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How may I find why Google indexes less webpages in my site?

I´ve recently find this: Google webmaster tools last check

And I wonder why could make Google index less pages. I´ve then tried the Google help, and it wasn´t that helpful:

A steady increase in the number of crawled and indexed pages indicates that Google can regularly access your content, and that your site is being indexed.

If you see a sudden drop in the number of indexed pages, it may mean that your server is down or overloaded, or that Google is having trouble accessing your content.

To see the percentage of your site that’s accessible to Google, compare the number of crawled pages with the number of pages blocked by robots.txt. Sudden spikes or dips that appear in several charts can indicate problems with site configuration, redirects, or security.

Now, on June 3rd Google says: Googlebot can't access your site

Over the last 24 hours, Googlebot encountered 179 errors while attempting to retrieve DNS information for your site. The overall error rate for DNS queries for your site is 5.0%.

Now, I´ve recently (january 2013) updated my site from Drupal 6 to Drupal 7, and some links were changed. I´ve tried to solve the issue, and after that I´ve followed Google´s instructions:

After you think you've fixed the problem, use Fetch as Google to verify that Googlebot can properly access your site.

I´ve clicked "fetch as Google" and it says "success" URL and linked pages submitted to index. I´ve clicked on those site errors, and it says: DNS OK Server Connectivity OK Robots.txt Fetch OK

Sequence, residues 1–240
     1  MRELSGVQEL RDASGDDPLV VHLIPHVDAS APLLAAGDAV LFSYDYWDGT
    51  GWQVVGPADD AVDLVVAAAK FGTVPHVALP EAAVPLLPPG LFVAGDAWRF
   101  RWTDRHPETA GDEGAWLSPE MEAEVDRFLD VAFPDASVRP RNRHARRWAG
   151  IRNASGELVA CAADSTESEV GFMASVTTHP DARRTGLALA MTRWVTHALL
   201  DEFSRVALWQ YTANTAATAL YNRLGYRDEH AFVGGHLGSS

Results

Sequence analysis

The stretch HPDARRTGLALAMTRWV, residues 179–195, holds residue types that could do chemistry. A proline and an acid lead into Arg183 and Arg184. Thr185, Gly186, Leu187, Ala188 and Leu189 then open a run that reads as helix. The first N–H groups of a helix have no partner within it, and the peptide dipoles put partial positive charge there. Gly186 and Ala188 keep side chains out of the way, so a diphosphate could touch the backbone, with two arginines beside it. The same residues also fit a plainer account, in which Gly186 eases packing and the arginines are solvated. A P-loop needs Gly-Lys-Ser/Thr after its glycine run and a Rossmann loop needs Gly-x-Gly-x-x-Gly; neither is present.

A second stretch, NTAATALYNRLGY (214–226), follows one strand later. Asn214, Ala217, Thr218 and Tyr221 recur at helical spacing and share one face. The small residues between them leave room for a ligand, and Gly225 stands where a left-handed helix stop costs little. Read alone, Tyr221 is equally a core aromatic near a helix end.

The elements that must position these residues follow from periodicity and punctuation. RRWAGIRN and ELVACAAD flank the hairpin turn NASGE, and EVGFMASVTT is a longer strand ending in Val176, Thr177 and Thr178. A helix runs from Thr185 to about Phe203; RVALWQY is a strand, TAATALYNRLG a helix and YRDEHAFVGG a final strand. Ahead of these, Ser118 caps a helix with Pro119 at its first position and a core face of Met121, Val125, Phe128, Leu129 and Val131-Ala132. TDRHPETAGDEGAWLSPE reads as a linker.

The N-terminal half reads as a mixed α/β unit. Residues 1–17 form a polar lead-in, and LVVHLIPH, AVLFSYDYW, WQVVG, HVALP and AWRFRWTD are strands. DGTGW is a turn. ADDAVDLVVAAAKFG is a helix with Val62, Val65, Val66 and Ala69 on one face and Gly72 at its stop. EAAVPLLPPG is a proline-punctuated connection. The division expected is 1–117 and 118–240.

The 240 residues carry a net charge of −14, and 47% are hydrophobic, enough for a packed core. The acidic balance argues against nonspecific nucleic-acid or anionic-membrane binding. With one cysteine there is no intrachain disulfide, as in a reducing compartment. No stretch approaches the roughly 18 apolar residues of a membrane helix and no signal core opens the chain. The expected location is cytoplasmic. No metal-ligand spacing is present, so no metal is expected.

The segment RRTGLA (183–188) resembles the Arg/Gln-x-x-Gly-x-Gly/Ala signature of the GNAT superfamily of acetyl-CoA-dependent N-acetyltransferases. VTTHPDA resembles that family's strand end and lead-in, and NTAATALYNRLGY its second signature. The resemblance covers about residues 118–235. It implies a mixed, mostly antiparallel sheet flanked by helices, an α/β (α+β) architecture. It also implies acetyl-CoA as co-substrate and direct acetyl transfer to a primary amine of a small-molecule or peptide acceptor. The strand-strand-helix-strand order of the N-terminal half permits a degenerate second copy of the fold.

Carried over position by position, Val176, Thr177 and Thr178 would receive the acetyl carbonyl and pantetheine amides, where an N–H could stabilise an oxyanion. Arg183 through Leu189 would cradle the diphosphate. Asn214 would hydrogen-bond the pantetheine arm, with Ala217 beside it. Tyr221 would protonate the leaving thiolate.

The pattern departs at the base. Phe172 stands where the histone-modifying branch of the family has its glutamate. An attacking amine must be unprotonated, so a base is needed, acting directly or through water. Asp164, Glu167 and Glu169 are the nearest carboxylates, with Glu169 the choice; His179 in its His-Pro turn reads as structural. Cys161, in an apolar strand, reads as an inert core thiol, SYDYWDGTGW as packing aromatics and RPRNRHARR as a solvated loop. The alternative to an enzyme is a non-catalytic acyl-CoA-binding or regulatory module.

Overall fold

So, how may I find issues? Should I go and check out every single page of my site? What if I find a link is broken because I no longer use it?

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Please can you include the contents of your robots.txt file? –  zigojacko Sep 11 '13 at 10:49
    
Please check your robot.txt file.. it may preventing crawler to crawl the pages. –  gugnu Mar 28 at 17:03
    
What about duplicate content, iframes, irrelevant pages, pages that were redirected.. These could be reflected on "ever crawled" but not necessarily be pages with actual content. –  guisasso Mar 28 at 19:25
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3 Answers 3

Use a program such as Xenu's Link Sleuth to spider your site yourself. This may help you to find issues that you weren't aware of.

Any broken links you do find can either be removed or redirected using .htaccess (or there may be a feature in Drupal, I'm not familiar with Drupal) to a page that does exist.

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Make sure you've set up a Google Sitemap set up, and registered with Google Webmaster Tools. This Drupal plugin should help you get started: https://drupal.org/project/xmlsitemap

The sitemap will tell Google about all of the pages that are available on your site, so that it knows to crawl them.

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Google will not keep pages that are similar in nature from the same domain indexed. It is natural to see this decline if there is no unique value at these URL's.

I'd check the URL structure change between Drupal 6 and Drupal 7 and see if those URL's serve anything of value or are referenced in your robots directive.

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